I went to the London Green Spaces Friends Group Network meeting last night at City Hall. The room was packed, with representatives from Friends Groups across London.
The meeting started with a talk from a representative from the Open Spaces Society on campaigning to protect green spaces from development and threat of sell-off. She identified two key threats:
* The pro development approach of central Government and cuts to council budgets put the pressure on green spaces. Councils see a sell-off as a way to generate much needed cash and a way to save on the cost of maintenance.
* The Growth and Infrastructure Bill will stop people registering land as a village green if it is earmarked for development in any way (regardless of whether or not there has been a formal planning application). It will also erode the requirement for Compulsory Purchase Orders to be scrutinised by Special Parliamentary Procedure. Instead, Eric Pickles or his successor will have the power to decide whether a CPO goes ahead or not.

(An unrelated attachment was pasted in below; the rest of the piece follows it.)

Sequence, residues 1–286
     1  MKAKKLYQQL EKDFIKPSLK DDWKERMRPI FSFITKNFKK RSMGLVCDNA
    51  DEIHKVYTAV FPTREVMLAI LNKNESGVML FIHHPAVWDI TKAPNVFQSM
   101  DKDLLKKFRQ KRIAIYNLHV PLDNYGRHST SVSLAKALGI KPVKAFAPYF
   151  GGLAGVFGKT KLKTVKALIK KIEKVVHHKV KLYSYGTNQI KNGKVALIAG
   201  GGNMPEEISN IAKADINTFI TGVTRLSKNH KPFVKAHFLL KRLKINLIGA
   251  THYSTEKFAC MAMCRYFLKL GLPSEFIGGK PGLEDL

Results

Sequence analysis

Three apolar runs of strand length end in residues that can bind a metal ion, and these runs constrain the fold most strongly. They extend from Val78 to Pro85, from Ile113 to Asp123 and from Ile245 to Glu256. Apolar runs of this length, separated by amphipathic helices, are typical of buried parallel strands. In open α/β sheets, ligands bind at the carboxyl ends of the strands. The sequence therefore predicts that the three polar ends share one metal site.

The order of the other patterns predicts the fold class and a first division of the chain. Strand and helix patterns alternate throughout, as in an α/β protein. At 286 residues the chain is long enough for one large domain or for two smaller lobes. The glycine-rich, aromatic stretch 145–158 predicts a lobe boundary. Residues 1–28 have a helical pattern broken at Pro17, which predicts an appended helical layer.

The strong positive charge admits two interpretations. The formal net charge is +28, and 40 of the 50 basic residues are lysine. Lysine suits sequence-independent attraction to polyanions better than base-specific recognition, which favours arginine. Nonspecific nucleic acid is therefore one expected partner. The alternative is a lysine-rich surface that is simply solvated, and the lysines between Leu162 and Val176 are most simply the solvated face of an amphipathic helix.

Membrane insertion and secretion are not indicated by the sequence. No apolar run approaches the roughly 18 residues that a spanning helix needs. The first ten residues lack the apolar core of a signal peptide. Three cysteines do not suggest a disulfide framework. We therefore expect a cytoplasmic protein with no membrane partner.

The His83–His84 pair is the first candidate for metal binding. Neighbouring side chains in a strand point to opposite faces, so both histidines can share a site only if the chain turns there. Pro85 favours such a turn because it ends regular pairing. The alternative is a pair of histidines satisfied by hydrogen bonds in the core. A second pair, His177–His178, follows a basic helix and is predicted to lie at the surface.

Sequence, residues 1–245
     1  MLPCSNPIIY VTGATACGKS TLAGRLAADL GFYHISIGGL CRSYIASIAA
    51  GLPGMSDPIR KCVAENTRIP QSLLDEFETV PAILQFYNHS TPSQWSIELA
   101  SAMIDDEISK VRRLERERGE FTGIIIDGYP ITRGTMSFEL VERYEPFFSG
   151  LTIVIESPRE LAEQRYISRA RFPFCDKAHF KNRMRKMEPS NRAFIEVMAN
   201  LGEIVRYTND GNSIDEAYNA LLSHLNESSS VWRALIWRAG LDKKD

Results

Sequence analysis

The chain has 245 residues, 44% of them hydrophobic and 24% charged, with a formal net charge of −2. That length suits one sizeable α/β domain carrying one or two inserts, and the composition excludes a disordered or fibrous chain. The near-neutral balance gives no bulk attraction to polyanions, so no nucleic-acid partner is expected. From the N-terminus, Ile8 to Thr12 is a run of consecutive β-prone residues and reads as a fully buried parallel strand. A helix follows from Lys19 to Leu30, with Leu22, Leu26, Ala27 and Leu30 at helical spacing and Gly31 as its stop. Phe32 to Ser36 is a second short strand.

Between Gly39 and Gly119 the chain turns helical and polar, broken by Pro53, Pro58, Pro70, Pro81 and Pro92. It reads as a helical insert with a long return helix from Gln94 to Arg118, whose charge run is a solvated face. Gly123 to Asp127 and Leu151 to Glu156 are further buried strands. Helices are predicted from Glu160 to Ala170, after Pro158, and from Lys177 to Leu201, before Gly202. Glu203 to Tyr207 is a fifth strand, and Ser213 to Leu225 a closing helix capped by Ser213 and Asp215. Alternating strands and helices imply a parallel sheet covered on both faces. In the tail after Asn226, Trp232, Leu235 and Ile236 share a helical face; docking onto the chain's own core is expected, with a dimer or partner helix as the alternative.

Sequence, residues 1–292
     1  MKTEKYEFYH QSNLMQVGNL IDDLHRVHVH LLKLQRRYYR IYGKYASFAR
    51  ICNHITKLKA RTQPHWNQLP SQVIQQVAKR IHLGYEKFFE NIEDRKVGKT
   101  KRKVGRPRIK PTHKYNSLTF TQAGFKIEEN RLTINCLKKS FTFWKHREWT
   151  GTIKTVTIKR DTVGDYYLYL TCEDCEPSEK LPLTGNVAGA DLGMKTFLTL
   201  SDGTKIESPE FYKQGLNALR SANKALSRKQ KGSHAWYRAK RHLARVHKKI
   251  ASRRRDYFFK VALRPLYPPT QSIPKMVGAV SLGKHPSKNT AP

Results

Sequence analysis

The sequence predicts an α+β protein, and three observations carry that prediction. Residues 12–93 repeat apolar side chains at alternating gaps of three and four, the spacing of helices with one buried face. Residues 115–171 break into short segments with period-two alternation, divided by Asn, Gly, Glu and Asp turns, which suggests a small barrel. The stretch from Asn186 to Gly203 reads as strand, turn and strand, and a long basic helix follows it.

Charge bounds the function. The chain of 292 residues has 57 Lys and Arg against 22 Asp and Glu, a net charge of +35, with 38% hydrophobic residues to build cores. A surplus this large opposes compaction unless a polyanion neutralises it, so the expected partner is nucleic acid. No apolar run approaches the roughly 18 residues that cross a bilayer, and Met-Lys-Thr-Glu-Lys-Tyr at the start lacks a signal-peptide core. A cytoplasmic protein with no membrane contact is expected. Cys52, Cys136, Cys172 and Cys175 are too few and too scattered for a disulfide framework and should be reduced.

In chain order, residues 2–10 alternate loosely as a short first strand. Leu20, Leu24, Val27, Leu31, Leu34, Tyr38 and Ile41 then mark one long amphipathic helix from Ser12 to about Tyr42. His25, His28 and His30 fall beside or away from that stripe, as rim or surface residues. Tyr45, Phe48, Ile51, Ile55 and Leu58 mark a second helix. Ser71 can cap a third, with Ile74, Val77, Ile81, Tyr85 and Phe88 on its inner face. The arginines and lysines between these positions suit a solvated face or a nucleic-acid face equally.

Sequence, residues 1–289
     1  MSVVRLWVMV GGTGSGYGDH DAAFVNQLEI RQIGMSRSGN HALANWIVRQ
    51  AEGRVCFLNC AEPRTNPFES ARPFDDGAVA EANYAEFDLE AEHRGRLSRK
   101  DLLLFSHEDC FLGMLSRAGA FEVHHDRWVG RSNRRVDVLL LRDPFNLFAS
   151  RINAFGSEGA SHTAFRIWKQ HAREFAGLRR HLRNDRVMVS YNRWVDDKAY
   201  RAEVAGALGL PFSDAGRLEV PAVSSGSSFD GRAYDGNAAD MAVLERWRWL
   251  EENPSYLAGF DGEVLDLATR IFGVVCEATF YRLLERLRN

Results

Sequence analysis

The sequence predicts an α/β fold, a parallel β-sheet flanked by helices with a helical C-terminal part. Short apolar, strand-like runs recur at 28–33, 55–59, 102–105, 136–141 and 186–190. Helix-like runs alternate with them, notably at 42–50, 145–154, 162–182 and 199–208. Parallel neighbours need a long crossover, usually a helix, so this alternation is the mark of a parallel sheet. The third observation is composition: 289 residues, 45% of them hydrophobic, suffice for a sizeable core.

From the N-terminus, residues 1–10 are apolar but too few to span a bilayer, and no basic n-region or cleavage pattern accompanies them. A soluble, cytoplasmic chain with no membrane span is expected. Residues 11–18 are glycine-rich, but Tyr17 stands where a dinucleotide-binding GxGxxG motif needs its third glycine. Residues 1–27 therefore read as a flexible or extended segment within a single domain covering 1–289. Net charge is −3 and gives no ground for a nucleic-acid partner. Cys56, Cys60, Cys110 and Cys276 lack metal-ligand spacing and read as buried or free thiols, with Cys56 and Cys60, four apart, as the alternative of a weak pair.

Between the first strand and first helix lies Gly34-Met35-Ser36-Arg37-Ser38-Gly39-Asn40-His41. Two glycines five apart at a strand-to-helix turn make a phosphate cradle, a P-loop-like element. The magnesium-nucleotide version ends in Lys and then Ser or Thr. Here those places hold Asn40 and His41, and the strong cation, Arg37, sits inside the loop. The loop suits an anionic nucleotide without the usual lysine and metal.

This means that if we want to register any land in Waltham Forest or Hackney as a village green then we need to do so quickly. The bill is now in committee stage in the House of Lords, so it's not far from Royal Assent unless it is derailed and it looks unlikely that this will happen. I think it is areas that don't have any other form of protection that we need to look at, so not Leyton Marsh but is there anywhere else? And, if we do identify anywhere, it might be sensible to join the Open Spaces Society (£45 per year) so that we can call on their help. Perhaps an item for discussion at the next meeting on 11 Feb?
The rest of her talk focused what makes a good campaign. Things that jumped out were:
* Get councillors out in the green space for positive photo opportunities. I wonder if this is something we could factor in to our discussions about the pledge, to try and co-opt the councillors and show they why they should care?